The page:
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Re: Sparse file criteria malfunction - binutils produces sparse .exe & .dll files

"Corinna Vinschen" <> wrote ...

> The next Cygwin version will produce sparse files only if the application
> decides to write 64K or more beyond EOF.

I have to admit that this is IMHO a significant technical improvement,
probably removing 9x% of cygwin_sparse' potential technical drawbacks;
allthough the remaining few sparse files are then still invisible from
within the traditional windows environment's filemanager, so I have to
stick with cygwin 1.3.20 ;-)

> On Thu, Jun 05, 2003 at 03:28:42PM +0200, Markus Mauhart wrote:
> > "Corinna Vinschen" <> wrote ...
> > > $ ./sp 2000
> > > Creating file of size 2008K
> > > st_size  :    2056192
> > > st_blocks:         24
> > > $ ls -sl sparse.test
> > > 12 -rw-r--r--    1 corinna  users     2056192 Jun  5 13:54 sparse.test
> >
> > Thanks for checking this out! What file system was used for this test ?
> ext3
> > Who manages the holes, Linux or the FS(-driver) ? AFAICS it must be the FS.
> The FS driver.
> > Does it work with ext2- or ext3-driven volume, or even a more traditional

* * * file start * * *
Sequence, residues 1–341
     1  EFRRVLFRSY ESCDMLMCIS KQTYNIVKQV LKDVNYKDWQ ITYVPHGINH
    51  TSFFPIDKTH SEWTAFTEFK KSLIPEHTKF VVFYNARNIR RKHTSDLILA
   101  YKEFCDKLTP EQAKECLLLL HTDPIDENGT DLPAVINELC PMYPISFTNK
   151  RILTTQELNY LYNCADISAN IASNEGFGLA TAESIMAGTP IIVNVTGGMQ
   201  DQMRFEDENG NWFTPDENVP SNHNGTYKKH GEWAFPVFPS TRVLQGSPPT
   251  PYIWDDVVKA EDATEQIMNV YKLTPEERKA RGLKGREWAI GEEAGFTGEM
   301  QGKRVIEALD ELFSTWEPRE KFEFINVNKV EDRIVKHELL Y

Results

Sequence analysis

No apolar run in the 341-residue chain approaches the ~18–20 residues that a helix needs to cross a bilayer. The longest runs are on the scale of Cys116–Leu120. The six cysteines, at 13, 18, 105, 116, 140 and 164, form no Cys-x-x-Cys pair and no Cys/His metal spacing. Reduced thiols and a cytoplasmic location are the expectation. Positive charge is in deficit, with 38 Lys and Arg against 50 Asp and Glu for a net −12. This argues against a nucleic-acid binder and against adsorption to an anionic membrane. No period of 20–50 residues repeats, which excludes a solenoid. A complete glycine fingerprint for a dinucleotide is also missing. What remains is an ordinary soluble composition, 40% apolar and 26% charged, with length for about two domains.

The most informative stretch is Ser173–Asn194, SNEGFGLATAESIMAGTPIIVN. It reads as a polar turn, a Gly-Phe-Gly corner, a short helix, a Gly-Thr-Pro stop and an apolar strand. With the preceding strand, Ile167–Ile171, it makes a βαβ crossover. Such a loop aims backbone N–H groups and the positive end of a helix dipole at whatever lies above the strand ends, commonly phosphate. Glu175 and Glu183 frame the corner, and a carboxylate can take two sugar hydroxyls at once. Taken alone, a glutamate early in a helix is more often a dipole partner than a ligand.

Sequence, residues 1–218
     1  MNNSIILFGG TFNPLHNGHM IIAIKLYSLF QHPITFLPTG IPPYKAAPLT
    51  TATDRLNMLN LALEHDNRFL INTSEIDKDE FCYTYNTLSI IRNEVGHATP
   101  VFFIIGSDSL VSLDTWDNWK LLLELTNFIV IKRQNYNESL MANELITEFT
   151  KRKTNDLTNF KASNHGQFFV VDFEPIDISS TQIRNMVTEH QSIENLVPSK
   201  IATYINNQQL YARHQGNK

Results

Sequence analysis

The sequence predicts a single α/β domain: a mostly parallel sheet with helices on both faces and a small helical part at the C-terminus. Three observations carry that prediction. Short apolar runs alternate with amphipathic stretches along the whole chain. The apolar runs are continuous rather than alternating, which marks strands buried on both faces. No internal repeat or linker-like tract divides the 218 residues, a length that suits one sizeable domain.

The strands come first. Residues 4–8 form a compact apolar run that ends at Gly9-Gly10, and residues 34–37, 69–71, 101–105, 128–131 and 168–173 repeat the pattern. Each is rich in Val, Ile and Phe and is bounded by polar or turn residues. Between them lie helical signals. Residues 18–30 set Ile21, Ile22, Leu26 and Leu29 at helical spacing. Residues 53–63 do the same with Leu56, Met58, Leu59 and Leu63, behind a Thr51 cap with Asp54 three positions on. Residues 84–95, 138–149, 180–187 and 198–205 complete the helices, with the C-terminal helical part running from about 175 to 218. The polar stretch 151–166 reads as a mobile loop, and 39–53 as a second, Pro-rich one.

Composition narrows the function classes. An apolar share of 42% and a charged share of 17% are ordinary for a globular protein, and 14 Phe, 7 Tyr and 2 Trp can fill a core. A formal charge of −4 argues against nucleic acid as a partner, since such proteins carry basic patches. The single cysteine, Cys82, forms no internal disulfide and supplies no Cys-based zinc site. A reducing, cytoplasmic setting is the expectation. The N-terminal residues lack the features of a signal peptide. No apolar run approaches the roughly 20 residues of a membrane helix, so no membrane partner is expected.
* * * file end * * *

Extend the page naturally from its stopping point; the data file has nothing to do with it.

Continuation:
> > unix FS ?
> *More* traditional than ext[23]?  Why do you want to compare an *old*
> FS with a *new* FS as NTFS is?  That's like comparing a Ford Model A
> with a modern Ford Taurus.  What is that good for?

Good question. It's about whether the old claim that this feature
(*each* file sparse !) is necessary to emulate "unix sparse files" ever
was true. AFAICS it was wrong; additionally "*each* file NTFS sparse"
was a technically wrong decission; the current choice (if "write 64K
or more beyond EOF") now seems to be a good way to emulate *modern*
unix FS capabilities, which are different from "unix sparse files",
but which are necessary for *modern* unix programs like the mentioned
So probably you are right, when the next cygwin does what you say
("64K"), further discussion about old wrong arguments supporting
old wrong features are really good for nothing.
But nevertheless send me an email in case you find out more about
since when typical unix/linux FSs support holes inside files !


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